A Day in the Life

I feel that whenever I have a story to share from the chronicles of residency or life it is typically an outlandish outlier from the day to day events of normal life. These patient stories and tales of inpatient medical adventurism are of course entertaining to share with other residents, and useful in doing so to blow off steam. These stories are also typically the traumatic or heart wrenching memories that have a profound shaping effect on our careers and insights as physicians. But, what often gets missed I feel is the mundane days that fill the void between the outrageous tales of crazy and noteworthy patients. I also think we as health care providers get so used to this monotony that we sometimes fail to see just how amazing and equally outlandish our typical normal days have become for better or for worse.
      So I feel justice should be paid to an average day in the life of a resident. One random day while on inpatient medicine I decided to chronicle the entire day. The following is the story of that day. If not for taking note of it, this day would have likely been lost from all memory and would have passed as just another drip of water on my forehead in the endless water torture that is general medical education.

Read more

My Return…

It’s been almost a year since my last blog. Much has happened and in some ways its been a little overwhelming to absorb all the transitions that have unfolded. Although, I suppose that in itself is not special. We all live our own important lives with transitions and adventures in our own way. So in some sense that is no excuse for not finding the time and mental space to keep writing. This blog helps me make sense of the world, the brilliance, and idiocy that surrounds me. Ultimately writing helps me to figure out which one is which. Perhaps I’m shy to write more again as I’m pretty sure I’ll just wind up finding idiocy in my own self perceived brilliance.


In summary over the last twelve months: Read more

The Interview Trail

We walk many lines in life. Sometimes these lines are well structured with clear and concise paths laid out in simple steps. Sometimes they are serendipitous. Most of the time we don’t see the lines for what they are. They are simply lines. Lines that we’ve created by our free will and choice. These lines cut and shape the seemingly gelatinous space that we call our lives to give us an idea of purpose, direction, and ultimately the identity of what we see ourselves to be.  Sometimes in rare glimpses we are allowed the fluke chance of circling back and re-emerging  on a line after a tangential circumnavigation through the life jelly, and in these strange moments we see can see a little more clearly, and we see that defining ourselves solely by the line we walk in life is a bit of a joke. If there are an infinite amount of possibilities in how we cut through the jelly than one singular path cannot possibly be our definition. Our identity that is immutable is the substrate between the lines. How we shape that substrate with these lines and paths through higher education and the carnival of the modern business world is just a byproduct of living in the modern world, and not as meaningful to our real identity as we are trained to think. Read more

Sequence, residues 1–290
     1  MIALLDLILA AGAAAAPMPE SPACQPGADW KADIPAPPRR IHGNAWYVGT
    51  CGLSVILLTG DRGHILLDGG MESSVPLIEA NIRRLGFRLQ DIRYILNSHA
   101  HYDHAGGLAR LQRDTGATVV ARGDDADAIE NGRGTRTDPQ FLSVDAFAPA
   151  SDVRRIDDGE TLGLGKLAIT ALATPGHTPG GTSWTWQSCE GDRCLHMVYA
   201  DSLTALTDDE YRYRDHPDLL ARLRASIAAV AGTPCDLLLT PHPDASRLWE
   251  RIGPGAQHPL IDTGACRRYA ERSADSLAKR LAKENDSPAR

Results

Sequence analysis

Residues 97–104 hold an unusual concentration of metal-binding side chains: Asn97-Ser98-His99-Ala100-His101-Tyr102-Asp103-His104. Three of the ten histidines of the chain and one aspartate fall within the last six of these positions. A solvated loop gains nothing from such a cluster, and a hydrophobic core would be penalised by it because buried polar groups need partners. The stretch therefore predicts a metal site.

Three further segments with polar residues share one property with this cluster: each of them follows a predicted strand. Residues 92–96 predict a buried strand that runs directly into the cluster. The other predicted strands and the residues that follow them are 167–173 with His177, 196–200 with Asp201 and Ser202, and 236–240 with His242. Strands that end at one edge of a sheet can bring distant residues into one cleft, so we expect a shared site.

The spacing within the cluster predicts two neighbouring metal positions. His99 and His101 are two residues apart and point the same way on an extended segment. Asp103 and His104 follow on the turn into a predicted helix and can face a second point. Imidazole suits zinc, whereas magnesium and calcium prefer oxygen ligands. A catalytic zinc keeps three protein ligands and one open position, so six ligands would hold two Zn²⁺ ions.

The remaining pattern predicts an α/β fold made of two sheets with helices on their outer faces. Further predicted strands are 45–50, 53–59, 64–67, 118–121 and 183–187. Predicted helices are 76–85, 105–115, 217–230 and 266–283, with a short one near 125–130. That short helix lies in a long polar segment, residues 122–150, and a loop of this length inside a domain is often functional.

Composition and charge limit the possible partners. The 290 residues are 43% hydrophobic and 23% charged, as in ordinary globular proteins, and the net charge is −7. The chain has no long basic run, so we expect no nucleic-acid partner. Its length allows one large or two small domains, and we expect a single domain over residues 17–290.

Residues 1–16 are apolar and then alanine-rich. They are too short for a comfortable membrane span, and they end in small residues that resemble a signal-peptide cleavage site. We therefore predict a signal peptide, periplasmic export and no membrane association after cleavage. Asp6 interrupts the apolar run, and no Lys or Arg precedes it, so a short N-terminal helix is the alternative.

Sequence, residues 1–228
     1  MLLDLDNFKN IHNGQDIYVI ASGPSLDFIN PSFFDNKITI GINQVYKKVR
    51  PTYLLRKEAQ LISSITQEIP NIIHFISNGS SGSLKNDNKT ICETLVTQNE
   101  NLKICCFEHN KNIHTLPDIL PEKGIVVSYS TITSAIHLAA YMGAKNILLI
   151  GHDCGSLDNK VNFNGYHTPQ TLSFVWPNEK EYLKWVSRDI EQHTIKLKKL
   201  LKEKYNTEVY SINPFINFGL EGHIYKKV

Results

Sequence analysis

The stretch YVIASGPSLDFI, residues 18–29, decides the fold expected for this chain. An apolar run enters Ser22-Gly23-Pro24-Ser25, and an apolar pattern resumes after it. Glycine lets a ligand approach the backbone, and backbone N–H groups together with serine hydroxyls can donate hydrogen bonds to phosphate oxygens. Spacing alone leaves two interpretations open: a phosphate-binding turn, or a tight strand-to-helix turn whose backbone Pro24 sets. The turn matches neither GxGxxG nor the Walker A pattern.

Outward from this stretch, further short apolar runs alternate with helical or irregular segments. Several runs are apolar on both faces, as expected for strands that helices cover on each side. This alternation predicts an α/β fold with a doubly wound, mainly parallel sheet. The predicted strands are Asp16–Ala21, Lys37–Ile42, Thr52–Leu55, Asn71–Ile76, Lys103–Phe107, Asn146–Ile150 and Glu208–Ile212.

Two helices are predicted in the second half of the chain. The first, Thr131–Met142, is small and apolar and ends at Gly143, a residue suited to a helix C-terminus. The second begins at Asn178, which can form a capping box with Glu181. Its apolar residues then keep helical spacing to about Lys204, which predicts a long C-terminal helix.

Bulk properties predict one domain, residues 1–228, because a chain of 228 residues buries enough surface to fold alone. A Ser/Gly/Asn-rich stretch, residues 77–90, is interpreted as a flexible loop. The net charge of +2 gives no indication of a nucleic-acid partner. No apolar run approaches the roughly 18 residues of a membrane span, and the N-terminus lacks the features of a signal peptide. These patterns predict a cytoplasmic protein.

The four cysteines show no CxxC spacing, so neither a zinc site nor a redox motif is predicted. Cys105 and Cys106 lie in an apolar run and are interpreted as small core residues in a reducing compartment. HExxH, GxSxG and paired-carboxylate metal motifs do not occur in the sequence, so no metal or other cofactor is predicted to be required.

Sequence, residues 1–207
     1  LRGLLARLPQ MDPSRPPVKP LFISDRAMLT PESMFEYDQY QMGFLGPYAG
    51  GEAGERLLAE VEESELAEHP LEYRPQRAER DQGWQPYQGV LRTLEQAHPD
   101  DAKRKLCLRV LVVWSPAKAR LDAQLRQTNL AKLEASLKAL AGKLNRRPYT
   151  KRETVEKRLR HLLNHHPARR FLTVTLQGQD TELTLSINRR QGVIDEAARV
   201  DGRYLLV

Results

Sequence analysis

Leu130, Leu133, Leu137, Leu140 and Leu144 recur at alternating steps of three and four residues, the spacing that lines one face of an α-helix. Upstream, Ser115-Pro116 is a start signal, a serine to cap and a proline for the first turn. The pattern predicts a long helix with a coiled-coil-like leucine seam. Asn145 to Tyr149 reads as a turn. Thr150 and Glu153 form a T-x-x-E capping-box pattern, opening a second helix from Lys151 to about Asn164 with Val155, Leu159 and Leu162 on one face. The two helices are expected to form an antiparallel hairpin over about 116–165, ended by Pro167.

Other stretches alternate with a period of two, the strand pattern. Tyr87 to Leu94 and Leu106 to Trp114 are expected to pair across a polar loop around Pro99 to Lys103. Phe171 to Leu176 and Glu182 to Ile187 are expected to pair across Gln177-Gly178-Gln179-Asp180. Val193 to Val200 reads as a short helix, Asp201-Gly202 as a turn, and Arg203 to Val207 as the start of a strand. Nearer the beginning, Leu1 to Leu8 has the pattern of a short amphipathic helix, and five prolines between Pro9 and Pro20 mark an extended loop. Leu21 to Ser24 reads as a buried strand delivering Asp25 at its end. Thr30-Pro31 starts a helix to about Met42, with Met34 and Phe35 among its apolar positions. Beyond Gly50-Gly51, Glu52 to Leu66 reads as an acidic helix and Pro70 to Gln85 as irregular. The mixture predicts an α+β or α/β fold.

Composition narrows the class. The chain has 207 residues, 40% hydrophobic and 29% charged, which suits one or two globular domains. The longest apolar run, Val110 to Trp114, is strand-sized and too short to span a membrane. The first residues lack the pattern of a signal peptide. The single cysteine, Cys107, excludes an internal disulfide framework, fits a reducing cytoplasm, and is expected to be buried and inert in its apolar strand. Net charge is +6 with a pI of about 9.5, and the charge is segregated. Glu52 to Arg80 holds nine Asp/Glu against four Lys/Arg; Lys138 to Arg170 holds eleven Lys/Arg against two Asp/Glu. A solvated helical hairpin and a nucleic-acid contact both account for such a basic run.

The white coat turns black

If you think about it there is a high probability that you will someday die in the ICU. Unfortunately my month, notably my last two weeks became well known for the record setting 14 patients we celestially discharged. For the majority of these people death was inevitable, their last few breaths before a massive heart attack just happened to be on the ramp of the hospital after leaving some clinic appointment resulting in them being intubated just in time to buy a few more hours on the unit. But even in the face of futility there is still a feeling of guilt and sometimes overwhelming hurt when this news must be broken to a family sitting calmly in the waiting room. Read more

Settling In


Once the initial shock of foreign dials and tubes wore off I was starting to fall into the rhythm of how the unit works. In reality a lot of it is pretty cookbook, and I was getting better at baking. There are only so many paths to walk down when someone comes in with respiratory failure, or septic shock. As I caught on I really started to enjoy it. The MICU is just as busy as the CCU, but far more enjoyable because in my mind its real medicine and not a bunch of referencing to some obscure cardiology study to guide treatment. I started making decisions about treatment by just using common sense and wasn’t chastised for it, sounds like that would be simple enough to understand, but on the CCU I felt like I needed to be well versed in the “I went to third grade” trial before I could confidently tie my shoes without fear of punishment. Settling In

Intensive Confusion


The difference between the ICU and the medicine wards is sort of like the difference between making a microwave dinner and preparing a five course meal from scratch. What became painfully obvious to me the first day on the ICU is that I’ve gotten really good and pushing the buttons on the microwave, yet I’ve never had a cooking class a day in my life. Read more

Not a Cardiologist

Is the answer to the question what I will be when I grow up! Besides last month the last few months haven’t been all that bad. I was on Neuro for a month and then GI, my role was somewhere along the lines of a med student with the ability to write prescriptions. I got weekends off, and for the most part was home well before 5pm. Nothing to complain about at all, in fact I was starting to slip away from the reality that intern year is supposed to be hard. Read more